Southsea church, formerly the church hall
|Southsea shown within Wrexham|
|OS grid reference|
|Sovereign state||United Kingdom|
The village came into being at the site of the Broughton Hall Brickworks and Plas Power Colliery. Its Welsh language placename (meaning "the bank of the river", glan yr afon) derives from that of a farm. Its exotic-sounding English name, however, comes from the South Sea Inn which used to stand over the road from the brickworks, and in a room of which the brickworks pay was distributed.
The Wrexham historian Alfred Neobard Palmer noted that the name Southsea first appeared on the rate books as early as 1786, though also commenting that this was "an absurd name which should never have been adopted, especially as there was an appropriate name ready to hand".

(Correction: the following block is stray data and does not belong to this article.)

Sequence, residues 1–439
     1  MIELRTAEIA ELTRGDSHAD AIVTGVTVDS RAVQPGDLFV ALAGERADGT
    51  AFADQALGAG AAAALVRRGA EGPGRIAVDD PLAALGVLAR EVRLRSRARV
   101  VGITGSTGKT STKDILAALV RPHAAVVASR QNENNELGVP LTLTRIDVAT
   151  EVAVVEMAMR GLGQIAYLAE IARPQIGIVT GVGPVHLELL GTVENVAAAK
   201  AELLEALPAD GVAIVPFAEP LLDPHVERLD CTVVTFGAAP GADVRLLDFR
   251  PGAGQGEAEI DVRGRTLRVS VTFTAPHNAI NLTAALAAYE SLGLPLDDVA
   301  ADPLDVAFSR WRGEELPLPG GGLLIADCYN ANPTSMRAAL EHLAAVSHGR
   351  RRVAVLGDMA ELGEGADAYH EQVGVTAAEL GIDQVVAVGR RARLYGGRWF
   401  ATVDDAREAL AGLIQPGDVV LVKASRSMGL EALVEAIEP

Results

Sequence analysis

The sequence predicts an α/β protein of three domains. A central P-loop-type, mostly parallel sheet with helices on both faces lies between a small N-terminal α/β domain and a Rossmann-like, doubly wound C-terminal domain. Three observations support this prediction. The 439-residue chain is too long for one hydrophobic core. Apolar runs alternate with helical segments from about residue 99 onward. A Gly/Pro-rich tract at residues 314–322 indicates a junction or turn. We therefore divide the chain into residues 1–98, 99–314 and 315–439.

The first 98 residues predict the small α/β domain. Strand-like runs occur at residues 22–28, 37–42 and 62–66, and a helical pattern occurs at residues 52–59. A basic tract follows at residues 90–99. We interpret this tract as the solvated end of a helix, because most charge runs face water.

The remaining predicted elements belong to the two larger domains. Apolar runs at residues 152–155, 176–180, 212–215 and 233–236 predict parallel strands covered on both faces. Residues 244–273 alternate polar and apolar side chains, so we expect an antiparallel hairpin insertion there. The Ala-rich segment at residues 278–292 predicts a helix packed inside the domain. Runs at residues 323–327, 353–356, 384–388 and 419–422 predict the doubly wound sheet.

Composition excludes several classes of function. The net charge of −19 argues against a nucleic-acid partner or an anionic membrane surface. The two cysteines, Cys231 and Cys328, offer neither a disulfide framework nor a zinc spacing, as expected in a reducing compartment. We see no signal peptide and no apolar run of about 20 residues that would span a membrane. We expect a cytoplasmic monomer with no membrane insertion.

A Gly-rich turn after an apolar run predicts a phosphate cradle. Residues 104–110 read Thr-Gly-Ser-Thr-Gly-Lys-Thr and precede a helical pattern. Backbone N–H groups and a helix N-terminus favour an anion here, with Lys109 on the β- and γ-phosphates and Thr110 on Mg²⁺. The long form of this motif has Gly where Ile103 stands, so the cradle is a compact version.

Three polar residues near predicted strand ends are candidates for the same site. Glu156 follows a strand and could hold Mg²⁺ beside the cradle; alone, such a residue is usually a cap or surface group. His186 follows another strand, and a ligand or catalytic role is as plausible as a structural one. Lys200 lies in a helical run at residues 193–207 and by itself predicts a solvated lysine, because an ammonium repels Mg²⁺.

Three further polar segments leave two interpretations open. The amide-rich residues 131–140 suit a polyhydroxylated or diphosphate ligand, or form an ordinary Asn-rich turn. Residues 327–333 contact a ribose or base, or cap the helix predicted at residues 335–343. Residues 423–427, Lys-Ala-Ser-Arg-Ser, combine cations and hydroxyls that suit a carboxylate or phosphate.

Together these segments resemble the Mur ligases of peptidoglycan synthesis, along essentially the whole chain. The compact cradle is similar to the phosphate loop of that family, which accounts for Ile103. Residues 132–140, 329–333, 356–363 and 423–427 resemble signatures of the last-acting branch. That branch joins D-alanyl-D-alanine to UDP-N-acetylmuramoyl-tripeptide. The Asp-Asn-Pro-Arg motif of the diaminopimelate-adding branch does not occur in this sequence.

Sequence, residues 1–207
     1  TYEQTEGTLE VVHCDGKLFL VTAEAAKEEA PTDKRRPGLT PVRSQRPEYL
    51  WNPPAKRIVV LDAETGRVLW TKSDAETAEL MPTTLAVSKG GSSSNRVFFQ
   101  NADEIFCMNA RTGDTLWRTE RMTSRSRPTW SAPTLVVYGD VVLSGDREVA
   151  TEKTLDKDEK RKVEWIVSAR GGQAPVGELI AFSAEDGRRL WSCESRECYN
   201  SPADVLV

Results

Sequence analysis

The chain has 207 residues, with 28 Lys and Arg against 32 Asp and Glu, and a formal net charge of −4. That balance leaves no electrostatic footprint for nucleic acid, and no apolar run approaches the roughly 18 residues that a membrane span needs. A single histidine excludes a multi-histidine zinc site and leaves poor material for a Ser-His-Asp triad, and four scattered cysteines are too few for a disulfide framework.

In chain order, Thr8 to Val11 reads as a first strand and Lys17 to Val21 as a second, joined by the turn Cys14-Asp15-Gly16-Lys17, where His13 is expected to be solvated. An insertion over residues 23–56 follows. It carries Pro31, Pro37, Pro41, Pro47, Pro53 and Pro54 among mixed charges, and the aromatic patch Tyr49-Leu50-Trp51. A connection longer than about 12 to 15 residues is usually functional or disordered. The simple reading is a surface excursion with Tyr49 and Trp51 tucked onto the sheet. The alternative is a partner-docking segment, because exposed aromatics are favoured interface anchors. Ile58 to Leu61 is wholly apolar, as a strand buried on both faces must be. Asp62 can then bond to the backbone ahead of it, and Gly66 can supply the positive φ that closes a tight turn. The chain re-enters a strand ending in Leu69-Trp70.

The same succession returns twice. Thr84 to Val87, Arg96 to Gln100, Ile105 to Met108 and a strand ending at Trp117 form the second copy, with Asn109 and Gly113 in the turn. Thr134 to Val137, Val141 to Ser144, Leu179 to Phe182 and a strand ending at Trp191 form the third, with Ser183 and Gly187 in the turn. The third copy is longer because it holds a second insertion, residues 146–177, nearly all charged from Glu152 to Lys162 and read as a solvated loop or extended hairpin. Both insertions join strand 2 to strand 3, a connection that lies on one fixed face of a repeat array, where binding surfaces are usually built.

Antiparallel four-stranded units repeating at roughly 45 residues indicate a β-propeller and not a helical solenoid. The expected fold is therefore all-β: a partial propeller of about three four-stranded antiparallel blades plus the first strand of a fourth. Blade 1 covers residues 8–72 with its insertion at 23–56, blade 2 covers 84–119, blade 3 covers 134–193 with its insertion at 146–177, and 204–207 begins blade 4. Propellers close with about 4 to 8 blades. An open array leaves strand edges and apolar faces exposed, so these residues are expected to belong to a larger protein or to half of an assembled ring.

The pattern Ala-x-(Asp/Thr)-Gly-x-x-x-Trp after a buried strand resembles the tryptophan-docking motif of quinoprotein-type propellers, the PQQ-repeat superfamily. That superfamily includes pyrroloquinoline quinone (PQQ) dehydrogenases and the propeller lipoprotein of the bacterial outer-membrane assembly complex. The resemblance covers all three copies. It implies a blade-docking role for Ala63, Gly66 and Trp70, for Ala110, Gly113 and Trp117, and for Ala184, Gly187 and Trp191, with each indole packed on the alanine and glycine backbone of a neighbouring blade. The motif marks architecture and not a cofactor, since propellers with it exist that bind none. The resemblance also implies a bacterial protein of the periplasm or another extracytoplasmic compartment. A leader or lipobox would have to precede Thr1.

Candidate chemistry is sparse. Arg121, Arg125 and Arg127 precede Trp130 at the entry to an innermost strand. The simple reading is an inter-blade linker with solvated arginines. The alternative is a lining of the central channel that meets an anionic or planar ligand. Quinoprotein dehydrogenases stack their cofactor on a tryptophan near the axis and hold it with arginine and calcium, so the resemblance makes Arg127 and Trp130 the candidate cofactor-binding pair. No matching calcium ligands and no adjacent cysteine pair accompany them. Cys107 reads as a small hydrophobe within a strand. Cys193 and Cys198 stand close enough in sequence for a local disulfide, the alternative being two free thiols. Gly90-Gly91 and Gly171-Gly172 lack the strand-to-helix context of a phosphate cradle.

Southsea's church, All Saints, was formerly its church hall. The previous church, built in 1921 after the original building became unsafe due to mining subsidence, itself became unsafe and was demolished in 1984.
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